Skip to Content

Boeing Groundings Could Cost Billions

We are not changing our 2019 forecast, but there will be a 1% decrease in our fair value estimate.

Securities In This Article
Boeing Co

The Federal Aviation Administration has grounded the Boeing BA 737 MAX, which means the entire fleet of MAX 8 and 9 aircraft isn't flying. After assessing the potential costs to the firm, we are placing a $2 billion contingency in our model, but we are not changing our 2019 forecast. However, this results in only a 1% decrease in our fair value estimate, which is now $334 per share.

Assuming initial findings from the Ethiopian Airlines investigation into the March 10 crash point to aircraft issues, we think the groundings will last at least three months, due to the time required to review the accident and roll out a fix on the MCAS software. Boeing faces four costs linked to recent MAX accidents, including one in Indonesia in October: an already ongoing technical fix of the MCAS on all MAX aircraft; airline compensation; suspension of 737 MAX deliveries; and potential order cancellations.

The cost of the MCAS fix is a moving target, since Boeing must still test and certify it and then retrofit existing aircraft. Nonetheless, we think an MCAS update could cost $180 million to $375 million, depending on the cost to retrofit each of the 376 MAXs in service. We estimate that, on average, carriers are losing $75,000 per day in revenue on each grounded MAX. Assuming the groundings last 90 days and continue to affect the entire MAX fleet, airlines might claim $2.5 billion in compensation via cash payments, discounts on aircraft sales, or covering the cost of leased aircraft. The impact from the suspension of MAX deliveries is more of a timing issue. That said, we calculate that Boeing’s first-quarter operating profit could tAake a $133 million hit. We also think Boeing may now delay its planned 737 production rate increase from 52 to 57 aircraft per month. Turning to the backlog, we continue to believe that the vast majority of customers will maintain their orders and that the 4,659 MAX backlog (according to the Airfinance Fleet Tracker database) will convert to revenue.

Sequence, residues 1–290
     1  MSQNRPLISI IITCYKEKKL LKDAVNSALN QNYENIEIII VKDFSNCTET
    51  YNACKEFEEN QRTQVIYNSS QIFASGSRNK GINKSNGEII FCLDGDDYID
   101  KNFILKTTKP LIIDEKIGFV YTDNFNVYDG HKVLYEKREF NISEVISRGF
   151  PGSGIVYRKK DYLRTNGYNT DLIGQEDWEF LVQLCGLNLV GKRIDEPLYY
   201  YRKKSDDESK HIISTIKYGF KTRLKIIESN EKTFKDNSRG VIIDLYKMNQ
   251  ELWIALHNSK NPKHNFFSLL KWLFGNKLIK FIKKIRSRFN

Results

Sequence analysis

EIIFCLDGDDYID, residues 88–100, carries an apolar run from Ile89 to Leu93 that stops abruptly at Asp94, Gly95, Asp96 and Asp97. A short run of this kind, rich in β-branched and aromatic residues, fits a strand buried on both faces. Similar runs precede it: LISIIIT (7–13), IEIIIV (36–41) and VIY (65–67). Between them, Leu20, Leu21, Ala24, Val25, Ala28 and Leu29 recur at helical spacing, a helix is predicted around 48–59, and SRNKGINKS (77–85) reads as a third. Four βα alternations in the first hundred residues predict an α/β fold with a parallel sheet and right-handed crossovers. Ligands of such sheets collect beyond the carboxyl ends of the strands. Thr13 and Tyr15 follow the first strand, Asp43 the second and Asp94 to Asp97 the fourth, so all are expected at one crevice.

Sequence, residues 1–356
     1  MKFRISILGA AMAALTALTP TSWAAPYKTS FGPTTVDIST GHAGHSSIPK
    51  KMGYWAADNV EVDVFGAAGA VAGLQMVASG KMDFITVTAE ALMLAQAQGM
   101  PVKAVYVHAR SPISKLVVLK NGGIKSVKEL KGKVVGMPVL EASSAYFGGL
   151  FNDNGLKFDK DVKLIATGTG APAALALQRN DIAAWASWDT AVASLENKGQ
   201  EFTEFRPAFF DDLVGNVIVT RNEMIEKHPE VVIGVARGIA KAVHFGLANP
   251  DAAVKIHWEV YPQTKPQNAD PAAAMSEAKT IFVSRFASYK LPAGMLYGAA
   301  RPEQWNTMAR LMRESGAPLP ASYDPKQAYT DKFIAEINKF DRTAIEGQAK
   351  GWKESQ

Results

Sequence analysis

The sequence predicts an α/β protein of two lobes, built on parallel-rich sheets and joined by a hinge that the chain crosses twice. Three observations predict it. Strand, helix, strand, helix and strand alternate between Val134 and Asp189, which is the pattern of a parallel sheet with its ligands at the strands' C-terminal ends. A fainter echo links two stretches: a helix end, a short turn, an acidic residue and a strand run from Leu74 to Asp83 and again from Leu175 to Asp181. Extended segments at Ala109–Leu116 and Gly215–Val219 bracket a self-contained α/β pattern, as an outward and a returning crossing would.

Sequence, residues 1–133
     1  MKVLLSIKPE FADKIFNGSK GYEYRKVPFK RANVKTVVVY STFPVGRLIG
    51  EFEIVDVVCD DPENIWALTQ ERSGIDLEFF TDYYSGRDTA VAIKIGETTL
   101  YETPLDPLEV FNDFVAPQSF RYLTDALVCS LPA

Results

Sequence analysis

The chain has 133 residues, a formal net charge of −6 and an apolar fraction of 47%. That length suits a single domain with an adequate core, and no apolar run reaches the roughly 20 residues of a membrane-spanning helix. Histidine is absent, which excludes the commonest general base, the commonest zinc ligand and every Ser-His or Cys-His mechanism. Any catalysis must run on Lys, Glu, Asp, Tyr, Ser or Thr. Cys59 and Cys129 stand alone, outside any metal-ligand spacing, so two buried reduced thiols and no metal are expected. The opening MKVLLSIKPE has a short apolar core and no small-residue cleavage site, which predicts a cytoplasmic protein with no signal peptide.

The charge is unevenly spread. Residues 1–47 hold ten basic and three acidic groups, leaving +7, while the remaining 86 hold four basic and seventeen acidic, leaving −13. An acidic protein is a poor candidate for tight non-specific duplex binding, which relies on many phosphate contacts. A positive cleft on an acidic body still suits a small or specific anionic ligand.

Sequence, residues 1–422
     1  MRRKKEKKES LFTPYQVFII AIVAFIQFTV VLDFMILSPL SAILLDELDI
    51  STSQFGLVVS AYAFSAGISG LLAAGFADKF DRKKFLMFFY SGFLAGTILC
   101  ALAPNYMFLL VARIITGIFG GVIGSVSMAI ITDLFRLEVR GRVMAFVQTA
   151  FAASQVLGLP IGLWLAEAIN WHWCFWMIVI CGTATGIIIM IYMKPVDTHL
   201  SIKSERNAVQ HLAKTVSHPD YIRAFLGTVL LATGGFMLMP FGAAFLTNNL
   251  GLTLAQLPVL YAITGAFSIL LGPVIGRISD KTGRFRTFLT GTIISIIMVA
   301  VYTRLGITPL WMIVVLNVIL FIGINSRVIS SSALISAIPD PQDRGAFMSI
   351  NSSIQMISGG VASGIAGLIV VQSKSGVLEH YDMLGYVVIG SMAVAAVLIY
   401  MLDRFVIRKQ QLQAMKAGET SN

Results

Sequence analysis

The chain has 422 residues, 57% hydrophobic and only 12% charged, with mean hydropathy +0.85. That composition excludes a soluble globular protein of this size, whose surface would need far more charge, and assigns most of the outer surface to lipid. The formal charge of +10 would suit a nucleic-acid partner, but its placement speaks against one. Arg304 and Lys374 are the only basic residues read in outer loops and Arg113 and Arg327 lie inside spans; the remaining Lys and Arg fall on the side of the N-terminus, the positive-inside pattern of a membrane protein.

Morningstar Premium Members gain exclusive access to our full analyst reports, including fair value estimates, bull and bear breakdowns, and risk analyses. Not a Premium Member? Get this and other reports immediately when you try Morningstar Premium free for 14 days.

More in Stocks

About the Author

Chris Higgins

Senior Equity Analyst
More from Author

Chris Higgins, CFA, is a senior equity analyst for Morningstar Research Services LLC, a wholly owned subsidiary of Morningstar, Inc. He covers aerospace and defense companies, airports, and airlines.

Before joining Morningstar in 2015, Higgins spent eight years working for Airbus Group in both the United States and Europe. While at Airbus Group, he held a variety of positions, ranging from corporate development to investor relations.

Higgins began career in strategy consulting, where he consulted leading U.S. and European aerospace and defense prime contractors. During his time in consulting, he led teams that solved business challenges ranging from merger and acquisition decisions to new product launches.

Higgins holds a bachelor’s degree in economics from Rhodes College, where he graduated as a member of Phi Beta Kappa, and a master’s degree in finance from The Henley Business School in the United Kingdom. He also holds the Chartered Financial Analyst® designation.

Sponsor Center